Jean-Philippe Pignol

Erasmus Universiteit Rotterdam, Rotterdam, South Holland, Netherlands

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Publications (100)452.25 Total impact

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    Full-text · Dataset · Dec 2015
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    ABSTRACT: The Inhomogeneity Correction Factor (ICF) method provides heterogeneity correction for the fast calculation TG43 formalism in seeds brachytherapy. This study compared ICF corrected plans to their standard TG43 counterparts looking at their capacity to assess inadequate coverage and/or risk of any skin toxicities for patients who received Permanent Breast Seed Implant (PBSI).
    No preview · Article · Dec 2015 · International journal of radiation oncology, biology, physics
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    ABSTRACT: The purpose of this study was to estimate the influence of adjuvant radiotherapy for primary breast cancer (BC) on the risk of contralateral BC (CBC) in BRCA1 or BRCA2 (BRCA1/2) mutation carriers, with special attention to patients irradiated at age younger than 40 years. Additionally, tendencies in locoregional treatments and rates of contralateral risk-reducing mastectomy over time were explored. In this retrospective cohort study, 691 BRCA1/2-associated BC patients treated between 1980 and 2013 were followed from diagnosis until CBC or censoring event including ipsilateral BC recurrence, distant metastasis, contralateral risk-reducing mastectomy, other invasive cancer diagnosis, death, or loss to follow up. Hazard ratios (HR) for CBC associated with radiotherapy were estimated using Cox regression. Median follow-up time was 8.6 years [range 0.3–34.3 years]. No association between radiotherapy for primary BC and risk of CBC was found, neither in the total population (HR 0.82, 95 % CI 0.45–1.49) nor in the subgroup of patients younger than 40 years at primary diagnosis (HR 1.36, 95 % CI 0.60–3.09). During follow-up, the number of patients at risk decreased substantially since a large proportion of patients were censored after contralateral risk-reducing mastectomy or BC recurrence. Over the years, increasing preference for mastectomy without radiotherapy compared to breast-conserving surgery with radiotherapy was found ranging from less than 30 % in 1995 to almost 50 % after 2010. The rate of contralateral risk-reducing mastectomy increased over the years from less than 40 % in 1995 to more than 60 % after 2010. In this cohort of BRCA1/2-associated BC patients, no association between radiotherapy for primary BC and risk of CBC was observed in the total group, nor in the patients irradiated before the age of 40 years. The number of patients at risk after 10 and 15 years of follow-up, however, was too small to definitively exclude harmful effects of adjuvant radiotherapy.
    Preview · Article · Oct 2015 · Breast Cancer Research and Treatment

  • No preview · Article · Oct 2015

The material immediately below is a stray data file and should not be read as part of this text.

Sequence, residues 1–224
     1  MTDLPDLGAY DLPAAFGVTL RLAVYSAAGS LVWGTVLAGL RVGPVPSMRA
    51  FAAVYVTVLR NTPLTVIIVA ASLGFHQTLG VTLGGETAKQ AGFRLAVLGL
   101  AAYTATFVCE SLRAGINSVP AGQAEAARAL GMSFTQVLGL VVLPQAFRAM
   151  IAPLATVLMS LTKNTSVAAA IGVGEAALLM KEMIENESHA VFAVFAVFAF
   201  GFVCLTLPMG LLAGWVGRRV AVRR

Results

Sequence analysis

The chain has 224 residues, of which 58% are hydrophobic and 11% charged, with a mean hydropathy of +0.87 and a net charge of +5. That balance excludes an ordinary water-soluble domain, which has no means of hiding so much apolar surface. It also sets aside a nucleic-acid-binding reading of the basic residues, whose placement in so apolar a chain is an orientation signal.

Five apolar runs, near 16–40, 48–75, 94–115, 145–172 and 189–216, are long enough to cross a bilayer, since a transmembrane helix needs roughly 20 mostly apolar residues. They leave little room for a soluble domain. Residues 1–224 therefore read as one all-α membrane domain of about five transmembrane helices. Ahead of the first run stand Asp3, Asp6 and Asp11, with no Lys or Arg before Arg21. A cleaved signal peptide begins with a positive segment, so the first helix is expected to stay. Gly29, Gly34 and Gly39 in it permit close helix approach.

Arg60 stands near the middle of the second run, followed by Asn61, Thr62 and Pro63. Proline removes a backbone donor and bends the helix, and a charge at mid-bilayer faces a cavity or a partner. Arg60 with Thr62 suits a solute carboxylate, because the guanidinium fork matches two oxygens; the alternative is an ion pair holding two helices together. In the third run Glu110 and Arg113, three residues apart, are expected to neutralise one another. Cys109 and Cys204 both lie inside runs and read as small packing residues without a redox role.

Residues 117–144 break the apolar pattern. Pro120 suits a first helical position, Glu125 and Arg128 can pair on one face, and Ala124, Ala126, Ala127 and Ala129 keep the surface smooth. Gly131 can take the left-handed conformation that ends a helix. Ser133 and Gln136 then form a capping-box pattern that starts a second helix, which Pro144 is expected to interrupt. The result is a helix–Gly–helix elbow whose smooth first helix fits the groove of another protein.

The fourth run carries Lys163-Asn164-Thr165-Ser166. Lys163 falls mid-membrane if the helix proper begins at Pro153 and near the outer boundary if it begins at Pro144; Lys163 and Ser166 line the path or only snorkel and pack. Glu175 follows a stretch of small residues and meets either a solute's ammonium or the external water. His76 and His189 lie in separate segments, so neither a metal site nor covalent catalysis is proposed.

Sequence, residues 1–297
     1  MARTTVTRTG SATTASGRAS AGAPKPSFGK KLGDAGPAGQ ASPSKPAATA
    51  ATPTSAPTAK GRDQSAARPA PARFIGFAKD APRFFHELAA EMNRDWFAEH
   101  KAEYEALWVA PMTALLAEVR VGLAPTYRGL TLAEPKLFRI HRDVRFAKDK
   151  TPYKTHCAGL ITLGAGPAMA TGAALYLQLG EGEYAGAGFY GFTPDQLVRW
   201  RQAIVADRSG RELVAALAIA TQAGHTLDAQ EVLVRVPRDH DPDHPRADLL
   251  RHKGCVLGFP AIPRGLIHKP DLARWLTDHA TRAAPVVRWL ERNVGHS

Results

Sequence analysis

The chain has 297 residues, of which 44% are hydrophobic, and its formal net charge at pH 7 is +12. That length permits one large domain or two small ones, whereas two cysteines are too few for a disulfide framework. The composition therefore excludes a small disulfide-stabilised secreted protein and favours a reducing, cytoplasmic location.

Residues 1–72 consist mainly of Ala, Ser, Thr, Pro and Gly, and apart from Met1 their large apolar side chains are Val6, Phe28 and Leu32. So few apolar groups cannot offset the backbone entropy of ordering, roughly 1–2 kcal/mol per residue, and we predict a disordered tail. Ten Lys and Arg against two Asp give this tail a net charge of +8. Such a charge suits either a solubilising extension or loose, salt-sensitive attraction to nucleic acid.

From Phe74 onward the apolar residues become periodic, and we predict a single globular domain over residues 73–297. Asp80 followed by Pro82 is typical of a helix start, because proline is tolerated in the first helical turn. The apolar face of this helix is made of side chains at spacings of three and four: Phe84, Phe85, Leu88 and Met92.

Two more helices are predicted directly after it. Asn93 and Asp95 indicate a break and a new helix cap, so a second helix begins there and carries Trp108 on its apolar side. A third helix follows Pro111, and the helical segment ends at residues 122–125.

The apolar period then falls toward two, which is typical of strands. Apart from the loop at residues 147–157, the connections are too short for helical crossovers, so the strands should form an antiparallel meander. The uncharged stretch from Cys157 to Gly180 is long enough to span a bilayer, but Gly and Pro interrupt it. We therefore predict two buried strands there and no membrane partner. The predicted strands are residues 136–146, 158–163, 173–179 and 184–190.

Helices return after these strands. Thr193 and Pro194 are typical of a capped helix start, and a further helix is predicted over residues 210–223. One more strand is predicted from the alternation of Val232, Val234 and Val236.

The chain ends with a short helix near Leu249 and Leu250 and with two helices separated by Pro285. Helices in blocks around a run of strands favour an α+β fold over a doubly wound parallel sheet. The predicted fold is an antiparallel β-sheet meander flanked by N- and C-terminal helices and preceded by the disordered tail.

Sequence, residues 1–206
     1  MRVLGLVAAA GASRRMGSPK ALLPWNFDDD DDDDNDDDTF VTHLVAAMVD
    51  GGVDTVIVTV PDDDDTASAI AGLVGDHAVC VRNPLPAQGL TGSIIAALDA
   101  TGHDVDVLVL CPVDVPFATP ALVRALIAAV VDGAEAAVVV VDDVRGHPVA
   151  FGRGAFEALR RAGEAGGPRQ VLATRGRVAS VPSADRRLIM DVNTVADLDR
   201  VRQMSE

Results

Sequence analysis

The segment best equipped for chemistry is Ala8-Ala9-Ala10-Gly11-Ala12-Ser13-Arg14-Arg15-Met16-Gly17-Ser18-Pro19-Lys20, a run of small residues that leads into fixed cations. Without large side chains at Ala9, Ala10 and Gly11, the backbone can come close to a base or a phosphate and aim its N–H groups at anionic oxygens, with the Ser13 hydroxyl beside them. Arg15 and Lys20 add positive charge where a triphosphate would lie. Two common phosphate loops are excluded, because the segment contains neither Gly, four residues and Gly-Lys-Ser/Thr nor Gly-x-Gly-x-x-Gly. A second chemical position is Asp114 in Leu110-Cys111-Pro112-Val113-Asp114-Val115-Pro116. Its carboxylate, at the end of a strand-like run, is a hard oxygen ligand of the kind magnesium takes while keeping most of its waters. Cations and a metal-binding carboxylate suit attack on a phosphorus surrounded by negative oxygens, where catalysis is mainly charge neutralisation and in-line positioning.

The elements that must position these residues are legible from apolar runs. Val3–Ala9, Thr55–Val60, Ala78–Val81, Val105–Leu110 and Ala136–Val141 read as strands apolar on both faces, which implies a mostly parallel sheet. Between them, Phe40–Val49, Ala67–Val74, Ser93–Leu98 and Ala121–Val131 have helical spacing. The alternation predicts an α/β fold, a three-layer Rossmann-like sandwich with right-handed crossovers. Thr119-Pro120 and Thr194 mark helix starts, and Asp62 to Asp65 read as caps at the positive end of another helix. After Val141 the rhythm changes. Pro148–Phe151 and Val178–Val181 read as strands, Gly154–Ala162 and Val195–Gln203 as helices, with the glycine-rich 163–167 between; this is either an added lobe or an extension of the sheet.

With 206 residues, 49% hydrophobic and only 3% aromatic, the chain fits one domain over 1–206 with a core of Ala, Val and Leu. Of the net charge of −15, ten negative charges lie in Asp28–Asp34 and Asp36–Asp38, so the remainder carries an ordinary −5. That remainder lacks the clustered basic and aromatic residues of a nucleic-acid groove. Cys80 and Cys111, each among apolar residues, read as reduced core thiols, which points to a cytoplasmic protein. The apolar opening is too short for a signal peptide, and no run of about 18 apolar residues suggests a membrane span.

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    ABSTRACT: Our objective was to construct a novel radiation nanomedicine for treatment of breast cancer (BC) expressing epidermal growth factor receptors (EGFR), particularly triple-negative tumors (TNBC). Gold nanoparticles (AuNP; 30 nm) were modified with polyethyleneglycol (PEG) chains (4 kDa) derivatized with 1,4,7,10-tetraazacyclododecane-1,4,7,10-tetraacetic acid (DOTA) chelators for complexing the β-emitter, 177Lu and with PEG chains (5 kDa) linked to panitumumab for targeting BC cells expressing EGFR. The AuNP were further coated with PEG chains (2 kDa) to stabilize the particles to aggregation. The binding and internalization of EGFR-targeted AuNP (177Lu-T-AuNP) into BC cells was studied and compared to non-targeted 177Lu-NT-AuNP. The cytotoxicity of 177Lu-T-AuNP and 177Lu-NT-AuNP was measured in clonogenic assays using BC cells with widely different EGFR densities: MDA-MB-468 (10e6 receptors/cell), MDA-MB-231 (10e5 receptors/cell) and MCF-7 cells (10e4 receptors/cell). Radiation absorbed doses to the cell nucleus of MDA-MB-468 cells were estimated based on subcellular distribution. Darkfield and fluorescence microscopy as well as radioligand binding assays revealed that 177Lu-T-AuNP were specifically bound by BC cells dependent on their EGFR density whereas the binding and internalization of 177Lu-NT-AuNP was significantly lower. The affinity of binding of 177Lu-T-AuNP to MDA-MB-468 cells was reduced by 2-fold compared to 123I-labeled panitumumab (KD= 1.3 ± 0.2 nM vs. 0.7 ± 0.4 nM, respectively). The cytotoxicity of 177Lu-T-AuNP was dependent on the amount of radioactivity incubated with BC cells, their EGFR density and the radiosensitivity of the cells. The clonogenic survival (CS) of MDA-MB-468 cells overexpressing EGFR was reduced to <0.001% at the highest amount of 177Lu-T-AuNP tested (4.5 MBq; 6 × 1011 AuNP per 2.5 × 10e4-1.2 × 10e5 cells). 177Lu-T-AuNP were less effective for killing MDA-MB-231 cells or MCF-7 cells with moderate or low EGFR density (CS = 33.8 ± 1.6% and 25.8 ± 1.2%, respectively). Since the β-particles emitted by 177Lu have a 2 mm range, 177Lu-NT-AuNP were also cytotoxic to BC cells due to a cross-fire effect but 177Lu-T-AuNP were significantly more potent for killing MDA-MB-468 cells overexpressing EGFR than 177Lu-NT-AuNP at all amounts tested. The cross-fire effect of the β-particles emitted by 177Lu may be valuable for eradicating BC cells in tumors that have low or moderate EGFR expression or cells that are not targeted by 177Lu-T-AuNP as a consequence of heterogeneous intratumoral distribution. The radiation dose to the nucleus of a single MDA-MB-468 cell was 73.2 ± 6.7 Gy, whereas 177Lu-NT-AuNP delivered 5.6 ± 0.6 Gy. We conclude that 177Lu-T-AuNP is a promising novel radiation nanomedicine with potential application for treatment of TNBC, in which EGFR is often overexpressed.